Google Drive Is Top Productivity Tool
Amidst all the attention on Google’s newest Nexus devices this week, a pretty significant improvement to Google Drive may been overlooked.
The Research Pane, which debuted in Docs, now has made its way to Slides (formerly Presentations) and Drawings. It creates a panel on the side of the screen in which you can conduct a Google search without needing to open a new tab.
For Slides and Drawings it will be most useful in searching for images to use in your file. Some of the tools are closely tied to Google, such as pulling images from a Picasa album or Google+ post. If, like most people, you are not a heavy user of either of those services, at least the web search tool is rather useful.
The nature of productivity now often involves pulling materials from the web. This is one area I feel Google Drive has surpassed Office or iWork: a stronger connection to being online while writing or creating presentations.
The online word processor’s compact mode got some extra polish that makes it even easier to find actions in the menu and increase the viewable screen real estate when writing.
A double arrow now resides at the top-right corner of the screen, which when clicked will minimize the toolbar into compact mode. Previously this required going to the View menu and then selecting this setting (there is also a keyboard shortcut for Mac, PC, and Chrome OS).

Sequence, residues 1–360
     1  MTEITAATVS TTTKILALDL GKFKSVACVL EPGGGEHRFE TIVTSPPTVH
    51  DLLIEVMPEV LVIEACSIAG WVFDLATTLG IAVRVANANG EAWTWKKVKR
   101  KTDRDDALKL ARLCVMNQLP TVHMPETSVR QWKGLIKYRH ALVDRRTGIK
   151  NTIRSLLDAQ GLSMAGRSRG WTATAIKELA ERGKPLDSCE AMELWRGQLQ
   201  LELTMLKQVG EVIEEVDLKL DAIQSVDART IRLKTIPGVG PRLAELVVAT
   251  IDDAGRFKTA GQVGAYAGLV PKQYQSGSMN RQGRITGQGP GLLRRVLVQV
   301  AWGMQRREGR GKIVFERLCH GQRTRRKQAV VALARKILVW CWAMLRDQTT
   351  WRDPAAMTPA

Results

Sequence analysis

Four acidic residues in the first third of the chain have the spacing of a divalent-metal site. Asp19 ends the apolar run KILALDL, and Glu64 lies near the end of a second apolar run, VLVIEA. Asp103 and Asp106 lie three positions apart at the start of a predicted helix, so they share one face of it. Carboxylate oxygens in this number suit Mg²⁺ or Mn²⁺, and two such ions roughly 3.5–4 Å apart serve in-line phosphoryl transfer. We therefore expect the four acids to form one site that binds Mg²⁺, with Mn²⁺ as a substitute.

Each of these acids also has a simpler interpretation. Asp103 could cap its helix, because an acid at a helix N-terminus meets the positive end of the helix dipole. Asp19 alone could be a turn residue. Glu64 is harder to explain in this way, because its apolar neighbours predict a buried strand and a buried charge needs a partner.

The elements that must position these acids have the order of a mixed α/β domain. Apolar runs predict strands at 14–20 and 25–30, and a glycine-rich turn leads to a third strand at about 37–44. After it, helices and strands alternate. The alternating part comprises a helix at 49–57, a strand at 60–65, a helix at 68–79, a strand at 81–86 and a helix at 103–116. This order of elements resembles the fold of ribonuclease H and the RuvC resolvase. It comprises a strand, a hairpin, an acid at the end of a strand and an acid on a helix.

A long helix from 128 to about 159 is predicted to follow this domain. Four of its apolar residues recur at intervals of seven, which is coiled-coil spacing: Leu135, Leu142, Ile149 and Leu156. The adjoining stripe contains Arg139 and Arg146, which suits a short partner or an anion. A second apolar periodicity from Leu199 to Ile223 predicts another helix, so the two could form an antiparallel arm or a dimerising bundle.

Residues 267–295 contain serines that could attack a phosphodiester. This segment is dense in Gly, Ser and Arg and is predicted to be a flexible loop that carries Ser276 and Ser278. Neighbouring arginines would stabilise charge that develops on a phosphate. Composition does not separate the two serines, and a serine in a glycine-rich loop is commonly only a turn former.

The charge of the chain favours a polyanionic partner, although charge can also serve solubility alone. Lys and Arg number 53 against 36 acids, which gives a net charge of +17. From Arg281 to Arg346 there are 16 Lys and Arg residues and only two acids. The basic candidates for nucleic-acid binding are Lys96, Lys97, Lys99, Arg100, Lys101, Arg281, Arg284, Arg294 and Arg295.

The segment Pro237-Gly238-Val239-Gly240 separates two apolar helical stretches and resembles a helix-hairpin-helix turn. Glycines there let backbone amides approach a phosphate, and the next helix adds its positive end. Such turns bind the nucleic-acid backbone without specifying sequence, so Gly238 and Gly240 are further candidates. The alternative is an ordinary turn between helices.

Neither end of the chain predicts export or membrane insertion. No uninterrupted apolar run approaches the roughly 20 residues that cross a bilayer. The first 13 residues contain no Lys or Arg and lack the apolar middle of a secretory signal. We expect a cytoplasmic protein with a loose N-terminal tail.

If you are using Chrome on a Mac, it performs well at allowing the document to encompass most of the screen real estate.
I recently have moved to Google Drive as my full-time productivity suite after many years of using Office. I had held off for a while, as I felt that Docs especially just didn’t have feature parity with Word. But after the redesign with the advent of Google Drive finally crossed the threshold.
The instant saving, easy organizational features and embedded Google search technology have made it a powerful combination. There are still occasions when Word or PowerPoint may offer a feature not found in Drive, but that is occuring with far less regularity.
Image Credit: Google Drive